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merkel and other european legal -- on the low merkel and other european leaders didn't have a good enough offer? >> it seems that the details of the deal have become completely lost in the campaign. if there are always small changes, it is difficult to sell to a broad public. broadly, it has to accept what we call -- smaller changes here and there don't make a difference for a referendum like this. guy: do you think the u.k. leaves whichever way, we are going to see the british people voting, effectively it has opted out on so many parts of what was for many people core areas of the eu. britain will not be taking part in that. you wonder what kind of a relationship britain will have, whichever way votes. >> the main impact will be political.
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in practical terms they will be very little change in the ashinery stop it will work before hand -- the schengen area, but common passport zone. it's more the general impression that the eu has been weekend, that one of its strongest members has chosen to leave, and that is very difficult to gauge how that will play out. caroline: talk to us about the ripple effects. but we are seeing in italy, in rome, the anti-establishment play, the five-star movement. how are you gauging what happens in the rest of the eurozone? what did the leaders need to do within the european union stop this rise and populism? unfortunately, the leaders can do very little about it. they cannot magically get an economy that is performing. they cannot stop the rise in inequality.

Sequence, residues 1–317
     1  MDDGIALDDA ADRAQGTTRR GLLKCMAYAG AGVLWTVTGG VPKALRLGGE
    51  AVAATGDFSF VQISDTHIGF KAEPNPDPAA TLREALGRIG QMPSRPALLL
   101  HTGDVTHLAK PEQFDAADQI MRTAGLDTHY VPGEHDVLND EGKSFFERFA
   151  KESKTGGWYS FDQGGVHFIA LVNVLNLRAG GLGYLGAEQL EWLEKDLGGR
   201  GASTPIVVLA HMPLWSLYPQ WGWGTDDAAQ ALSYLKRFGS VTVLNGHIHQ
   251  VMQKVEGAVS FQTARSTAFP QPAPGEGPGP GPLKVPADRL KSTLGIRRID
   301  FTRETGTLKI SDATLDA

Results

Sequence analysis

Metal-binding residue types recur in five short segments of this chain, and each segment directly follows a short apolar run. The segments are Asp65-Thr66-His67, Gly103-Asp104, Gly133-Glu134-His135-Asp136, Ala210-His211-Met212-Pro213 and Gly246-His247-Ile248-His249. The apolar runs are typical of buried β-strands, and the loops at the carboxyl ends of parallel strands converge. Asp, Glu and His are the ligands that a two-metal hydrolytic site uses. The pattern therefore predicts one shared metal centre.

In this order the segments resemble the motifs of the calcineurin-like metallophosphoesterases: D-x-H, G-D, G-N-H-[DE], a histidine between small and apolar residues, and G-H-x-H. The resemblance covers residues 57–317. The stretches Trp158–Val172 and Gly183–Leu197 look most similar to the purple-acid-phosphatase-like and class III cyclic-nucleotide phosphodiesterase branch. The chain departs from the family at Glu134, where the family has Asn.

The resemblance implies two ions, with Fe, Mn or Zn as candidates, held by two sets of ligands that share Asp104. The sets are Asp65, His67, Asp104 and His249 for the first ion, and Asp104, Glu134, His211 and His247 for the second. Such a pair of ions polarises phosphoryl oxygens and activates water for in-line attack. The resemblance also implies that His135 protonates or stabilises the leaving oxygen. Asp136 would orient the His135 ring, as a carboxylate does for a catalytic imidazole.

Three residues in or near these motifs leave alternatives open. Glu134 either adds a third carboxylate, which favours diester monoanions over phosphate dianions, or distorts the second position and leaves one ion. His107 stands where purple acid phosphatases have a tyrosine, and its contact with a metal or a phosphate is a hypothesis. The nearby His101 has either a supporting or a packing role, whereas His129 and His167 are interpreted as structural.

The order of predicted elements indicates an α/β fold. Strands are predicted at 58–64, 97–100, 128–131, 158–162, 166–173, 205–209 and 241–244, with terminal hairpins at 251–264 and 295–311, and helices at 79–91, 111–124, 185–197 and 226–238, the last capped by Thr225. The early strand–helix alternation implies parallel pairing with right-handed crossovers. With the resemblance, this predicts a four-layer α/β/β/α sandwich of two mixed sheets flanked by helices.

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this general rise of populism is something which confounds most leaders, because they are trying for the best, doing all the economic that they think will allow us to return for growth, and it hasn't worked so far. it is difficult to do anything but to say that we have to acknowledge the sect and perhaps become more cautious about future plans to deepen integration. caroline: this sounds very pessimistic. where do you see five years, ten years from now in the european union? is a broader or smaller? will other countries pull referendums? will we see more exiting? ten years out, it looks better. populism in general when it comes to power,, has to show results, and usually they are not there. after a while the tide turns, and diane convinced even in this case that the tide will turn. years,t take five to ten